Beaten eggs are poured over a pile of riced potatoes.

    Serious Eats / Elizabeth Barbone

  3. Work 1 cup of flour mixture into potato mixture. Start by working flour into potato mixture with a bench scrapper or fork. As soon as a dough begins to form, begin kneading dough by hand until all the flour is incorporated. The dough should be firm and not sticky. If it is, add remaining flour mixture, about 1/4 cup at a time. (You can test the dough by boiling a small pot of water and cooking a small piece. The gnocchi dough should hold together.)

    The finished gnocchi dough, ready to be formed.

    Serious Eats / Elizabeth Barbone

  4. Divide dough into quarters. Then, as you work with it, cut each quarter in half. Cover remaining dough with a damp paper towel. Roll out each dough eighth into a log. Cut into bite-size pieces. Shape by either pressing a small indentation into each gnocchi or rolling the gnocchi over a fork or gnocchi board.

    A ridged gnocchi is formed with the tines of a fork.

    Serious Eats / Elizabeth Barbone

  5. Transfer shaped gnocchi to a lightly white rice-floured baking sheet. Shaped gnocchi can either be frozen (see Make-Ahead and Storage below) or cooked right away.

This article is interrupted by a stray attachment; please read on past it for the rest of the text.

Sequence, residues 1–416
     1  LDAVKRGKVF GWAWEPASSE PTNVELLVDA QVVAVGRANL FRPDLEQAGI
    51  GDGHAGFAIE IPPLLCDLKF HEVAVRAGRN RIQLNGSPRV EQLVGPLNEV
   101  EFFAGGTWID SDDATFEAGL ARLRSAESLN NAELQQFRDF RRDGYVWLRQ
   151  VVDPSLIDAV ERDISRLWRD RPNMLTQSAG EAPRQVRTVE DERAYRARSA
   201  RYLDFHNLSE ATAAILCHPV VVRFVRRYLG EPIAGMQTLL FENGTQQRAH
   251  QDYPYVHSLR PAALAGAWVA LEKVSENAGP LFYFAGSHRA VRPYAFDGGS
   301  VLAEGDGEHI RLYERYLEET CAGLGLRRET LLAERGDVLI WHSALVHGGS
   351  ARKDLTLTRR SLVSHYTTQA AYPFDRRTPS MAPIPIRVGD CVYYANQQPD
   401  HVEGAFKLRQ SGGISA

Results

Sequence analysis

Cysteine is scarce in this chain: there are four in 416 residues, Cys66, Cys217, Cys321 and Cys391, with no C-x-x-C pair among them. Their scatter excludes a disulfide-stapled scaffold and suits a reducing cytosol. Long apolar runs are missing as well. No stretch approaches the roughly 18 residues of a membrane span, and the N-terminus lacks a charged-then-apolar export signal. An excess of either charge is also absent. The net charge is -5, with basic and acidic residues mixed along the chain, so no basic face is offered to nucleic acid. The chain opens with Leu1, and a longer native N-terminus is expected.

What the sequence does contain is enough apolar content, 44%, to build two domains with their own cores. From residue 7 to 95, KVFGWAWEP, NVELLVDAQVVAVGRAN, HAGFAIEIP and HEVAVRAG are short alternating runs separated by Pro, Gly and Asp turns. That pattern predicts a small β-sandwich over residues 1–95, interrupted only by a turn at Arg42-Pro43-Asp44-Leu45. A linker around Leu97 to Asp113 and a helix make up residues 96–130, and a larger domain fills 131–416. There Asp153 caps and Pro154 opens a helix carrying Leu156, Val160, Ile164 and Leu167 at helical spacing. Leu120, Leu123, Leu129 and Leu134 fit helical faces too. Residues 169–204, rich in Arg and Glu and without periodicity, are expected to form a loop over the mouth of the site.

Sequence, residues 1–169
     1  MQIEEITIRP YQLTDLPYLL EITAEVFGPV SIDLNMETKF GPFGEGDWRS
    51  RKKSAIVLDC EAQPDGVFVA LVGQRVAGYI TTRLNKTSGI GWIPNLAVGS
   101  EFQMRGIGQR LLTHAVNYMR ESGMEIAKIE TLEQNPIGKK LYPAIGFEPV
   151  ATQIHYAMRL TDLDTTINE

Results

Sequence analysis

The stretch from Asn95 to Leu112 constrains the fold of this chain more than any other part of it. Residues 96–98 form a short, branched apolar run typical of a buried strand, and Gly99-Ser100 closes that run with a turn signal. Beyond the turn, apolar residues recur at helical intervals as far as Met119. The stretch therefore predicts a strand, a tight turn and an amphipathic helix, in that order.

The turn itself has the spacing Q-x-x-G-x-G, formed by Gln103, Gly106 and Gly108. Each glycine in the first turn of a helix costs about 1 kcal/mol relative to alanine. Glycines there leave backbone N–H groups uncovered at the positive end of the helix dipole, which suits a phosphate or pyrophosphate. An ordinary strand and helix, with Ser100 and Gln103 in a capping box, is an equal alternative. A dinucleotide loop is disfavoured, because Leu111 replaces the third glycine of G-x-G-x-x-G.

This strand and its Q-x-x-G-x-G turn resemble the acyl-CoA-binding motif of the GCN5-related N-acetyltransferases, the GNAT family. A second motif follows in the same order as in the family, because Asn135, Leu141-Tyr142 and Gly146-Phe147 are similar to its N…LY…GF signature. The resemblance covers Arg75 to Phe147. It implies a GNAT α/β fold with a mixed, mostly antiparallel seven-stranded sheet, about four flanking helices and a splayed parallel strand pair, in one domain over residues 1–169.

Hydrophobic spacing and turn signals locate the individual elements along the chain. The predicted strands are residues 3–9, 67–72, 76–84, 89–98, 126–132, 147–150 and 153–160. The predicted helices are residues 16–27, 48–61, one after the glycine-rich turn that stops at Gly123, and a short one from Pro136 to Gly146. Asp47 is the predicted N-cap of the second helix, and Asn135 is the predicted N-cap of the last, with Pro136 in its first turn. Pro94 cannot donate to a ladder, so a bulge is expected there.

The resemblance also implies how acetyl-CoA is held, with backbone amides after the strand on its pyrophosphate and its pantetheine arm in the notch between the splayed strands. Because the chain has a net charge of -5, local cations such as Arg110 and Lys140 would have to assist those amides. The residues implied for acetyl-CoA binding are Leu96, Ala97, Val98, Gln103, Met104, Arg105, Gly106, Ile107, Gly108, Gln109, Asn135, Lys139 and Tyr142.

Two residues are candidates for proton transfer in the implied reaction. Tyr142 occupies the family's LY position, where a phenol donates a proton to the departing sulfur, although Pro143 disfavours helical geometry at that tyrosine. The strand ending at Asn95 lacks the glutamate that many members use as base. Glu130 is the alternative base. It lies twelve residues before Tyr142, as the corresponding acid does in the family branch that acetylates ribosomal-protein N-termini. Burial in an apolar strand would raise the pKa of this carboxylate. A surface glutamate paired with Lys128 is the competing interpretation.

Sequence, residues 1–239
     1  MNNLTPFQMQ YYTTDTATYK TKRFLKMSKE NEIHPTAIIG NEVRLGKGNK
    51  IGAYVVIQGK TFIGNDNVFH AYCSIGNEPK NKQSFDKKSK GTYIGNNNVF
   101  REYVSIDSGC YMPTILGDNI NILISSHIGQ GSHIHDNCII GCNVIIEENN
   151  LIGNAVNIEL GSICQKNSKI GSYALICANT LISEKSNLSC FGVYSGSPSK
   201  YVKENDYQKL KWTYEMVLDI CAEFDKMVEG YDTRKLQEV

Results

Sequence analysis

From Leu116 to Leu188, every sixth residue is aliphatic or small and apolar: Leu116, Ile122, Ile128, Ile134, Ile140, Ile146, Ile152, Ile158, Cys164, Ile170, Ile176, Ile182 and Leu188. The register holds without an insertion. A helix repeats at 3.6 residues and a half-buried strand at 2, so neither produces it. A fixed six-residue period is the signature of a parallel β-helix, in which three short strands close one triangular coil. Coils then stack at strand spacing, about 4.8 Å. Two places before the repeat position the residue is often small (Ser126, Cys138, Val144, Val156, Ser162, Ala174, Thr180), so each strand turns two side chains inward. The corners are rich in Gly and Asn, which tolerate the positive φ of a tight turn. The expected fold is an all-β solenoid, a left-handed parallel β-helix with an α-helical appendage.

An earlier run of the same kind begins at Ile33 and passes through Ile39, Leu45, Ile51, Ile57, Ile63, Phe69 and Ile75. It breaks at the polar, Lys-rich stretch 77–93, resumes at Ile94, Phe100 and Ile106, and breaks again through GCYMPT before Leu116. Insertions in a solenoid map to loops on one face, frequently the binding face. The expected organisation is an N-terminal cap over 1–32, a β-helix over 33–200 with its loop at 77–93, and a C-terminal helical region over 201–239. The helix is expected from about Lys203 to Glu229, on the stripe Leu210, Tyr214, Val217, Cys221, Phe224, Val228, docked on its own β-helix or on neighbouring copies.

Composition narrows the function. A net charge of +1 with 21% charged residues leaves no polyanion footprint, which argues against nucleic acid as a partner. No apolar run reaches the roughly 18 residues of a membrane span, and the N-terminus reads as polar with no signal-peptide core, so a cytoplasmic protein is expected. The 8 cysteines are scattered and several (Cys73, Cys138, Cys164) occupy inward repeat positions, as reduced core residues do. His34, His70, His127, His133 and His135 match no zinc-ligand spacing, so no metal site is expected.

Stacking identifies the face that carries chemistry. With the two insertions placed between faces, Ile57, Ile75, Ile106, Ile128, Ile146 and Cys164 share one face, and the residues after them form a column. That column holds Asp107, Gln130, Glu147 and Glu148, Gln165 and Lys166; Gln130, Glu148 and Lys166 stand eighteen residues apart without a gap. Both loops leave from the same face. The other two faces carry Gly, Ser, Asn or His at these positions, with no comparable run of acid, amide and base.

6. To Cook: Boil a large pot of salted water. Cook half the fresh or frozen gnocchi in boiling water until they float, about 4 minutes. (Taste one gnocchi to ensure it is cooked through). Remove gnocchi from water with a skimmer and transfer to a bowl or pot of sauce. Repeat with remaining gnocchi. If gnocchi must be held for more than a moment, drizzle with oil and toss to prevent sticking.

Special Equipment

Potato ricer

Make-Ahead and Storage

To freeze gnocchi, place the baking sheet of uncooked gnocchi directly in the freezer. Once the gnocchi are frozen, transfer to a plastic freezer bag. Gnocchi may be frozen for up to two months. Cook as directed below.

Several batches of gnocchi may be prepared at one time and frozen. Doubling the recipe, however, makes it hard to work with the dough. So it's a good idea to make two or more batches of dough individually instead of doubling the recipe.

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Nutrition Facts (per serving)
329 Calories
2g Fat
66g Carbs
10g Protein
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Nutrition Facts
Servings: 4 to 6
Amount per serving
Calories 329
% Daily Value*
Total Fat 2g 3%
Saturated Fat 1g 3%
Cholesterol 62mg 21%
Sodium 255mg 11%
Total Carbohydrate 66g 24%
Dietary Fiber 4g 16%
Total Sugars 2g
Protein 10g
Vitamin C 13mg 63%
Calcium 44mg 3%
Iron 3mg 18%
Potassium 896mg 19%
*The % Daily Value (DV) tells you how much a nutrient in a food serving contributes to a daily diet. 2,000 calories a day is used for general nutrition advice.
(Nutrition information is calculated using an ingredient database and should be considered an estimate.)